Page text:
The back cover of this menu describes the lands between Salt Lake City and the Sierra Nevada as “the Western Garden of Allah.” Whether this was inspired by the Rock Island Railroad’s Garden of Allah book, or the 1936 movie starring Marlene Dietrick and Charles Boyer, I suspect that even people living in Arabia wouldn’t consider this desolate area to be much of a paradise.
Click on image to download a 1.2-MB PDF of this menu.
Inside, the menu offers sirloin steak, lamb chops, and ham, along with the usual eggs, wheat cakes, and cereals for breakfast. The opposite side of the menu offers a variety of non-alcoholic beverages, many of which were supposed to be hangover cures. Someone has helpfully handwritten “April 13, ’38” on the interior, and presumably that is the date the menu was used on a Western Pacific train.
Here are five postcards from two different eras featuring the Denver & Rio Grande railroads. The first three were printed in Germany, which dates them to before World War I.
Click any image to download a PDF of that postcard.
Though issued by the Colorado New Company, each card prominently notes that the featured scene is on the “D&RG RR,” suggesting that they were issued with the cooperation of the railroad. The railroad probably gave the Colorado New Company license to sell the cards in Rio Grande train stations and on board trains. Continue reading
Issued by Curt Teich, this folder contains about 22 color lithographs (including two on the covers), half of which show the Rio Grande portion of the route and the other half the Western Pacific. The quality of the images is somewhat higher than in yesterday’s folder, which was issued by the Interstate Co.
Click image to download a 6.1-MB PDF of this folder.
There’s no date on the folder, but one of the photos matches a Curt Teich postcard, shown below, that was issued (according to the card number) in 1938. The folder must have been issued before 1939 or it would have featured the Exposition Flyer. Continue reading
This postcard folder must have been issued shortly after 1934, when the Dotsero Cutoff allowed trains through the Moffat Tunnel to connect to Rio Grande tracks to Grand Junction and Salt Lake City. Soon after that year, the Rio Grande advertised that it had two routes across the Rockies, the Moffat Tunnel and the Royal Gorge routes. But this folder refers to the former as the James Peak route, after the mountain through which the Moffat Tunnel was bored.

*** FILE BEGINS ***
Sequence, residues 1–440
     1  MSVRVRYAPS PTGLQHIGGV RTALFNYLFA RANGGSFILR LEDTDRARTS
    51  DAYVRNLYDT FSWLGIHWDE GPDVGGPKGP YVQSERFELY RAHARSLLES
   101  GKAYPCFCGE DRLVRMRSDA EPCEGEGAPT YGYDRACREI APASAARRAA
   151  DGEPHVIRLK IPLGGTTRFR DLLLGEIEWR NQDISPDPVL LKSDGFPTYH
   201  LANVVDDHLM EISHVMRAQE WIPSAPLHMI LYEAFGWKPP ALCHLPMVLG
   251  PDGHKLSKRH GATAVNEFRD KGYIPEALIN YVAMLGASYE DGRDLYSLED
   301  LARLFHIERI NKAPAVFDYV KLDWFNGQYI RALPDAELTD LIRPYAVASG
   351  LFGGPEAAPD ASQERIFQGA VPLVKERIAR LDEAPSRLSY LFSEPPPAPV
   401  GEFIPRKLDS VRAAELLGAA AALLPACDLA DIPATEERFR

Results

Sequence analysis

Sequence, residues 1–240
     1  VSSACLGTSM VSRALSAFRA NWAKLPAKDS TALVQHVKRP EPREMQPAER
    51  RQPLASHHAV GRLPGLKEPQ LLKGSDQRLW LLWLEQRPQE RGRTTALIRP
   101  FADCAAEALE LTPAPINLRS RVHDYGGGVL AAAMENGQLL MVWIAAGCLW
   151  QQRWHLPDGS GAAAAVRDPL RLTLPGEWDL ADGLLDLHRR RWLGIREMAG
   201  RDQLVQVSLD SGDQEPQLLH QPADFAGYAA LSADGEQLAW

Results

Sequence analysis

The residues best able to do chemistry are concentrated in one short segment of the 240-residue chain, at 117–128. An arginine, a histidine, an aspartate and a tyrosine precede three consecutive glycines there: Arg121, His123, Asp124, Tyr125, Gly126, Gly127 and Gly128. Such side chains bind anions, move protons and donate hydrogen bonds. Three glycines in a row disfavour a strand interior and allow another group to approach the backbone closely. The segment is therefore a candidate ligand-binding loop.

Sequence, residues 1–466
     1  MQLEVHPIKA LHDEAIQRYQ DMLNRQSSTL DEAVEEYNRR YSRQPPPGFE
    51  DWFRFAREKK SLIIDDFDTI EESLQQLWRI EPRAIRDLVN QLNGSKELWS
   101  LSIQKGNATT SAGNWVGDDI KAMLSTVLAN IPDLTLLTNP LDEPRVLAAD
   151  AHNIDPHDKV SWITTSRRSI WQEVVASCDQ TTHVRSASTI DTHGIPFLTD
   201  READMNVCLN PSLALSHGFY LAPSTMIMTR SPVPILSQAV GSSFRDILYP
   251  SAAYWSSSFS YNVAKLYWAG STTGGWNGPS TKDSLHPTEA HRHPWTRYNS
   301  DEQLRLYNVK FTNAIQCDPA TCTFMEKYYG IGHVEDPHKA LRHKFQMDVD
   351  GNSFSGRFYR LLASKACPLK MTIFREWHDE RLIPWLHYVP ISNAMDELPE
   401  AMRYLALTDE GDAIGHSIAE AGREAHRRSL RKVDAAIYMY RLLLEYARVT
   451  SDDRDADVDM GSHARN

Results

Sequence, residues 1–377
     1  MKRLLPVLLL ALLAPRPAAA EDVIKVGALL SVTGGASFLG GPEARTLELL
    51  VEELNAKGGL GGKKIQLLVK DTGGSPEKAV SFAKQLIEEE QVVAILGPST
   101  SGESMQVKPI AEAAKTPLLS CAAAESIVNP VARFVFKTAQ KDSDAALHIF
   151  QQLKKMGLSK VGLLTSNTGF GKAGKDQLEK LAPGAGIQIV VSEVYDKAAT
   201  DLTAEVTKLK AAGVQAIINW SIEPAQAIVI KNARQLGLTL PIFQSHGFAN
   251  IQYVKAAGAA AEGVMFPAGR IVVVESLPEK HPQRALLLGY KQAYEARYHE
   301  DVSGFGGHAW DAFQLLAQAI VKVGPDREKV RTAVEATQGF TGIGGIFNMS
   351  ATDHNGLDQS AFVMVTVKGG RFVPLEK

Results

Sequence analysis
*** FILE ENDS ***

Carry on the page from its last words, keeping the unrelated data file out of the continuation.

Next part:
Click image to download a 9.3-MB PDF of this folder.
The folder contains 20 color lithographs. Like other postcard folders, I present this in three pages so as to show all of the cover as well as the pictures.
This brochure with six color and four black-and-white photos advertises the Midland Terminal Railway, as distinct from the Midland Terminal Railroad. The latter began operating from Colorado City (annexed by Colorado Springs in 1917) to Cripple Creek in 1895. It went out of business in 1918 and its assets were taken over by the Midland Terminal Railway in 1919.
Click image to download a 3.9-MB PDF of this twelve-panel brochure.
The Midland Terminal Railway operated passenger trains until 1931, so this brochure must be from somewhere between 1919 and 1931.
We’ve seen several editions of Panoramic Views ranging from 1916 to 1950. This one is nearly identical to the 1916 version, but the map is dated 1914.
Click image to download a 9.7-MB PDF of this brochure.